We expect participants to follow these rules at all event venues and event-related social activities. We think people should follow these rules outside event activities too!
Exhibitors in the expo hall, sponsor or vendor booths, or similar activities are also subject to the anti-harassment policy. In particular, exhibitors should not use sexualized images, activities, or other material.
Booth staff (including volunteers) should not use sexualized clothing / uniforms / costumes, or otherwise create a sexualized environment.
If someone makes you or anyone else feel unsafe or unwelcome, please report it as soon as possible. Harassment and other code of conduct violations reduce the value of our event for everyone. We want you to be happy at our event. People like you make our event a better place.
You can make a report either personally or anonymously.
You can make a personal report by:
Calling or messaging this phone number: --- (phone number will be available during the event). This phone number will be continuously monitored for the duration of the event.
Contacting a conference volunteer, identified by a volunteer shirt/lanyard, the volunteer will get one of the organisers to take your report. Or you can contact an organiser directly, identified by an organiser shirt/lanyard.
Email us at firstname.lastname@example.org
When taking a personal report, our volunteers will ensure you are safe and cannot be overheard. They may involve other event volunteers or the conference organisers to ensure your report is managed properly. Once safe, we’ll ask you to tell us about what happened. This can be upsetting, but we’ll handle it as respectfully as possible, and you can bring someone to support you. You won’t be asked to confront anyone, and we won’t tell anyone who you are.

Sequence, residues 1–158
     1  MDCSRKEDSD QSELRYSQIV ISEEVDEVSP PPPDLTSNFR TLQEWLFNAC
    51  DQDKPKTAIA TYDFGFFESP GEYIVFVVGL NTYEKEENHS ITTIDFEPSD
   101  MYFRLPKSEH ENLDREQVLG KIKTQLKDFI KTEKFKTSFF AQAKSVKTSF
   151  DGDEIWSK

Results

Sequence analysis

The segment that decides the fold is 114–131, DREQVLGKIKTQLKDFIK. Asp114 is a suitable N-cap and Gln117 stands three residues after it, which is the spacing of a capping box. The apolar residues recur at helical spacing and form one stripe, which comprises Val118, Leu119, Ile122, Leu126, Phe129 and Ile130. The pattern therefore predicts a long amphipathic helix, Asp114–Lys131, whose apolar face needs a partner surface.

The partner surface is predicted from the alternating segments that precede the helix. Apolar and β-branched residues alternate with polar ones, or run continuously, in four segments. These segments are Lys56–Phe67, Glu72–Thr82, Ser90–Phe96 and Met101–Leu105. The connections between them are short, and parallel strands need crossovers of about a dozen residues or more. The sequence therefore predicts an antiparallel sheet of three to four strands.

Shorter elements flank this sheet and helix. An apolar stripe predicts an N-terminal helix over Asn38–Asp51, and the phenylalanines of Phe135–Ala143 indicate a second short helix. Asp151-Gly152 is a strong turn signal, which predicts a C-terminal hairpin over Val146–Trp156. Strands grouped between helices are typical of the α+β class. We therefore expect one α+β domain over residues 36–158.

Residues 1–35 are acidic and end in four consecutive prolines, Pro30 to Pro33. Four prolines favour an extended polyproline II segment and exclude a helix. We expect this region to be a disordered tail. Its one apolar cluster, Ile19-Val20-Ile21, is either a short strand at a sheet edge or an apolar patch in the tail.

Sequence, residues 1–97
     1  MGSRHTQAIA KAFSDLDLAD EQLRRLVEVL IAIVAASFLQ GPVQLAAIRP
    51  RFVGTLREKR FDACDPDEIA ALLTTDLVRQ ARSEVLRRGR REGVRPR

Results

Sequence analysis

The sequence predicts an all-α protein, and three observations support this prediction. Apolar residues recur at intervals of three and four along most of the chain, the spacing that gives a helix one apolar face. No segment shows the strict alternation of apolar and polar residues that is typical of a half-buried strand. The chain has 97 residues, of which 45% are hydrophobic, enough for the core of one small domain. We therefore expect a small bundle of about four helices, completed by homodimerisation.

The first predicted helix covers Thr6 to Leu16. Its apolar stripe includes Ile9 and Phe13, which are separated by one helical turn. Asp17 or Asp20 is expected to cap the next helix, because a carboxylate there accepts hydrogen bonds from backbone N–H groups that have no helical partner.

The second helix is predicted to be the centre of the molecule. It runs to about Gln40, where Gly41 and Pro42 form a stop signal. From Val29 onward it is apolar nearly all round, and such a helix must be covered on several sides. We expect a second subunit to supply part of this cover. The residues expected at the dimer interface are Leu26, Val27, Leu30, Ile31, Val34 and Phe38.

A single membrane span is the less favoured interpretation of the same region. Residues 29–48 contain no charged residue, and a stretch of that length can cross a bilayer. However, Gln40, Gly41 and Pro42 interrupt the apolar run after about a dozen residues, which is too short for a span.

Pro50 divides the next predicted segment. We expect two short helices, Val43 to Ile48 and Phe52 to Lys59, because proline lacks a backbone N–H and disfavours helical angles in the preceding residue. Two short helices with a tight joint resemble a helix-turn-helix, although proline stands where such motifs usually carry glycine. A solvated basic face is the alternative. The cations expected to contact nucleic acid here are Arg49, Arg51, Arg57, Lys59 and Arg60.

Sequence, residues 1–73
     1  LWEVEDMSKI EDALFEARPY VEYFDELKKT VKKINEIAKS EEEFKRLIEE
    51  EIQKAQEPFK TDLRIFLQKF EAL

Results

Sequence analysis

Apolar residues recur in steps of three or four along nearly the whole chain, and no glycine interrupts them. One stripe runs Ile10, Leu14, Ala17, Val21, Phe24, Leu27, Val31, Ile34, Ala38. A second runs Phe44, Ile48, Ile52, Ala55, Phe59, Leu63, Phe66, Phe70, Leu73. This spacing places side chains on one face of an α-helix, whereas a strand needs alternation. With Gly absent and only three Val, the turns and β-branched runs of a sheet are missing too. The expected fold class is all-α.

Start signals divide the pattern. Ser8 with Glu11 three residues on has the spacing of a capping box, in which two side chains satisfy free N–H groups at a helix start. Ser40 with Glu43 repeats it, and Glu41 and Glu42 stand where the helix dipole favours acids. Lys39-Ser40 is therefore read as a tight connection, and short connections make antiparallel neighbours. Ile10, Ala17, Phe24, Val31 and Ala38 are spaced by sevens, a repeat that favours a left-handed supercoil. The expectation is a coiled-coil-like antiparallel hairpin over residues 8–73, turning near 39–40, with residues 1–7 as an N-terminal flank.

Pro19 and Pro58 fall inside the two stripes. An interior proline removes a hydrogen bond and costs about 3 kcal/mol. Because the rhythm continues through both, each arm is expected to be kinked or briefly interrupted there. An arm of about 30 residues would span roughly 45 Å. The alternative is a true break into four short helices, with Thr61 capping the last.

Our team will be happy to help you contact local law enforcement, local support services, provide escorts, or otherwise assist you in feeling safe for the duration of the event. We value your attendance.
All attendees and organizers are expected to abide by this Code of Conduct in all venues — online and in-person — as well as in all one-on-one communications pertaining to community business.
This guideline and its related procedures also applies to unacceptable behavior occurring outside the scope of the JSCamp activities when such behavior has the potential to adversely affect the safety and well-being of attendees.
This Code of Conduct is distributed under a Creative Commons Attribution-ShareAlike license. JSUnconf 2018 (Thank you for very friendly and open, but also to the point guidelines!)